After having rejected the options presented by the Centre for bridging the compensation deficit of Rs 2.35 lakh crore this year, states are insisting on the Centre to borrow to make good the shortfall. Kerala Finance Minister Thomas Isaac, in an interview with The Indian Express, said the states will not give up this issue as it is their constitutional right, adding that legal options could be considered after they have exhausted all other options. Edited excerpts:
States are jointly taking the decision of rejecting the Centre’s borrowing proposal. What is the way forward?
We are not just rejecting the proposals. We are putting forward a third option: central government borrows the full compensation and the states will agree to extend the cess for sufficiently long period to recoup this amount.
Why is this a viable proposal? Because, one, if states were to borrow, their FRBM limit has to be sufficiently raised but the Centre is not willing to do that, they are trying to put conditions on that borrowing. These are unconditional, we don’t like. Two, it’s impossible to operate it as the compensation requirements of states vary very widely. Northeastern states had surplus till Covid came and there are many states where as much as 40-45 per cent of the revenues is through compensation. So how can you have a single ratio of fiscal deficit. It will become complicated. So it is simple that the central government borrows. It is also a moral obligation because if it is a surplus in the cess fund, it goes to the Consolidated Fund of India (CFI). The undistributed IGST (integrated GST) goes to the CFI. So whenever there is a surplus, it goes into the CFI, but when there is a deficit, it’s asymmetry. They should support the states. Therefore, Centre should borrow and provide.
When you first proposed borrowing, reminding earlier comments made in the GST Council, was it always about the Centre borrowing or were you looking at borrowing by the GST Council, but which is probably legally not feasible?
Central borrowing is very simple, they can directly borrow from the markets or they are afraid it will affect interest rates and so on. Look, here you are rolling out a Rs 21-lakh crore stimulus package which is mostly based upon borrowed funds, almost entirely. So what is the big deal. States are saying it’s only Rs 2.3 lakh crore, so it can be accommodated. But if they are afraid that interest rates will rise and so on, monetise the debt. Simple. That’s what all the countries were doing.
If not, then legally empower the GST Council to borrow or empower the empowered committee to borrow, that also is possible. But why go to all that when the Centre can directly borrow.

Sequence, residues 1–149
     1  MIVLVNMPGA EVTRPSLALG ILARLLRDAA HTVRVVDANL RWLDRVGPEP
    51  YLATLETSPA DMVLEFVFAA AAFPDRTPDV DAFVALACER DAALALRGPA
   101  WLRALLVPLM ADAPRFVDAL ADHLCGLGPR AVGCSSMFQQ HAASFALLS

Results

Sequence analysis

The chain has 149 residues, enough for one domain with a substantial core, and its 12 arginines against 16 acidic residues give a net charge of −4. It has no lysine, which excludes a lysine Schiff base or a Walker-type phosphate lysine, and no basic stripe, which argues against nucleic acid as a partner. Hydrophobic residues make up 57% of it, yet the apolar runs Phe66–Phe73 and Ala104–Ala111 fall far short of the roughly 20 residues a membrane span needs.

What about the reasons stated by the Centre for not being able to borrow as their interest rates may rise, while states can borrow?
This is all meaningless. Whether the state borrows or the Centre borrows, the macroeconomic impact will be the same. Nobody looks at the fiscal deficit of the Centre and states, they see the combined fiscal deficit. And therefore, impact on the economy will be the same. We have had a 24 per cent decline in GDP and how can anybody think of cutting expenditure. All our budgets have been premised upon 14 per cent increase in the GST and therefore, the moment they say they won’t provide compensation for Covid loss, saying there is no expenditure against Covid, that you are giving a peer stimulus, you are not following a contra-cyclical policy but a pro-cyclical policy. The revenues have come down, therefore, cut your expenditures. This is pro-cyclical. Which government in the world is following that?
Are any legal options being explored? Or will you put across your point in the next Council meeting?
Our chief ministers are writing (letters to the Prime Minister), the state governments’ chief ministers are opposed to it … the Government of India will have to respond to that. So let’s see what is there in the response, then we will respond again. But be sure that this issue, we are not going to give up. This is a Constitutional right, they cannot take the rights of the states.
They are saying loss due to implementation of GST. Therefore, they are saying that external factors like Covid are not covered by the Constitution but the Constitution defines, the (GST Compensation) law defines how the loss is to be calculated. It is very clearly written how the loss has to be calculated, 14 per cent growth every year on base year of 2015-16 and from that you minus your actual collection. That gap is a compensation gap. It is clearly defined. So, what they are saying is illegal. That can be fought in the court also … we will consider it after exhausting all other possibilities in the GST Council.
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